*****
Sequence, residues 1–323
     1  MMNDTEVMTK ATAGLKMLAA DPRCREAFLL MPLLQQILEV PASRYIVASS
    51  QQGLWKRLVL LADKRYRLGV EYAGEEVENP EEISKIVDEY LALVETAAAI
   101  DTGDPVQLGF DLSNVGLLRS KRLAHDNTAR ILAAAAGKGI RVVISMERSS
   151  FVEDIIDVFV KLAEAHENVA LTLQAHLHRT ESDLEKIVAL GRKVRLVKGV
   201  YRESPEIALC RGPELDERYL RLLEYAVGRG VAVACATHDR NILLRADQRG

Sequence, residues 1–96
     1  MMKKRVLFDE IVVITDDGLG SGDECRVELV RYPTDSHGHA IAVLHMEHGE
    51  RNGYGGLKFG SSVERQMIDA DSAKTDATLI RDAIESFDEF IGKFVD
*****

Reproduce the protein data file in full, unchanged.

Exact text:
Sequence, residues 1–323
     1  MMNDTEVMTK ATAGLKMLAA DPRCREAFLL MPLLQQILEV PASRYIVASS
    51  QQGLWKRLVL LADKRYRLGV EYAGEEVENP EEISKIVDEY LALVETAAAI
   101  DTGDPVQLGF DLSNVGLLRS KRLAHDNTAR ILAAAAGKGI RVVISMERSS
   151  FVEDIIDVFV KLAEAHENVA LTLQAHLHRT ESDLEKIVAL GRKVRLVKGV
   201  YRESPEIALC RGPELDERYL RLLEYAVGRG VAVACATHDR NILLRADQRG

Sequence, residues 1–96
     1  MMKKRVLFDE IVVITDDGLG SGDECRVELV RYPTDSHGHA IAVLHMEHGE
    51  RNGYGGLKFG SSVERQMIDA DSAKTDATLI RDAIESFDEF IGKFVD